Finding a Well-Trained Mohs Surgeon (Learning Series pt. IV)

As Mohs surgery becomes an ever more widely accepted and available treatment option for nonmelanoma skin cancer, it is very important to know how to choose the right surgeon.

Technically, any surgeon who can cut the skin and process the tissue using the Mohs method is performing Mohs surgery – there is no specialized quality control requirement for surgeons who decide that they want to do Mohs. Consequently, as the interest in Mohs increases, it becomes especially important for a patient to select a qualified surgeon. What’s at stake? Nothing less than a patient’s chance for being cured and avoiding disfigurement.

Think of it this way. According to the Skin Cancer Foundation, about 13 million people living in the U.S. have had at least one nonmelanoma skin cancer in their lifetime (typically basal cell carcinoma or squamous cell carcinoma), so it’s very common. Each year in the U.S., there are about 700,000 cases of squamous cell carcinoma diagnosed and about 2.8 million cases of basal cell carcinoma diagnosed. Squamous cell carcinoma causes about 2500 deaths in the U.S. each year. And while basal cell carcinoma is not fatal, it can be very disfiguring if it’s allowed to grow.

With nonmelanoma skin cancer, what you see on the skin’s surface can be just the tip of the iceberg… The tumor is sometimes very destructive deep in the skin or even deeper into muscle, cartilage, or bone. Imagine what happens if a person goes to a Mohs surgeon and the surgeon misses a few cancerous cells. The patient leaves with a false sense of confidence while their tumor continues to grow. Because Mohs surgery works with such small margins of tissue, this scenario is more likely to happen without the proper quality controls. In the case of squamous cell carcinoma, the remaining tumor cells can metastasize (spread to another part of the body), and the patient could die. With basal cell carcinoma, the remaining tumor cells can expand deeper into the body. The next time the patient seeks treatment, much more tissue will need to be removed, with a greater potential for physical disfigurement. This is why quality control is absolutely paramount to a well-trained Mohs surgeon and their patient.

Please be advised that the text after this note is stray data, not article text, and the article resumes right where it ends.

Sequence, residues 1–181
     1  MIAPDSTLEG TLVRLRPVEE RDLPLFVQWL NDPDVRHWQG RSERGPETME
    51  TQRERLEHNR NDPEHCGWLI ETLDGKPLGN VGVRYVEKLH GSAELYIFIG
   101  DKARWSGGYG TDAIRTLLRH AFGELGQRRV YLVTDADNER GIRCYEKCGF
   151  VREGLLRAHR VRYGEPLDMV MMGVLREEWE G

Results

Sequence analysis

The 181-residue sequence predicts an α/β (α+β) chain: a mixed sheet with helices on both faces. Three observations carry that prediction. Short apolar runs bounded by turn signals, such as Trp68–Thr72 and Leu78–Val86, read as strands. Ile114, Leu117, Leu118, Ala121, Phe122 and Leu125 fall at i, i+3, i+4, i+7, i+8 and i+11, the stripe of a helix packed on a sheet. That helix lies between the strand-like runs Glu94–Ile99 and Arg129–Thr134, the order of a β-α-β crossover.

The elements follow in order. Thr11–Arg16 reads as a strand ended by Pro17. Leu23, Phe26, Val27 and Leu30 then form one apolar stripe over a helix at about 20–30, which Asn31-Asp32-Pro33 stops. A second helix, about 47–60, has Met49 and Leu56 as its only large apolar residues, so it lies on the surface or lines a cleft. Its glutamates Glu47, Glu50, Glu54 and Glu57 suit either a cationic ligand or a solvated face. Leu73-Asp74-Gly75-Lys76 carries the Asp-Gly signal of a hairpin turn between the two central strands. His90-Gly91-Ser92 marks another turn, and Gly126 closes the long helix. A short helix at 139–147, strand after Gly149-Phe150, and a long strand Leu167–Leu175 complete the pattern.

The American College of Mohs Surgery (ACMS) is the most reliable source of well-trained Mohs surgeons. I’m a member of the Mohs College and have first-hand experience with the rigorous training and quality control required for members. The ACMS is not an actual physical place. It’s an organization that oversees training, ongoing development, and advancement of Mohs surgery for its members and ultimately provides the best possible patient experience.

Surgeons interested in becoming ACMS members apply to take part in a fellowship. The selection process is highly competitive. Only a limited number of fellowships are available. This is because fellowship requires study under a veteran Mohs College surgeon. Fellowships last 1-2 years. Each participant must perform a minimum of 500 cases each year under their fellowship director. During this time, they are gaining the necessary experience for reading slides, closing defects, and making surgical judgments. Once their fellowship is complete, a surgeon can apply to become an Associate Member. After a surgeon becomes an Associate Member, they can become a Fellow Member once they complete a certain number of cases after a certain number of years. Each member is re-evaluated every 1-5 years by the ACMS to make sure they are upholding the standards.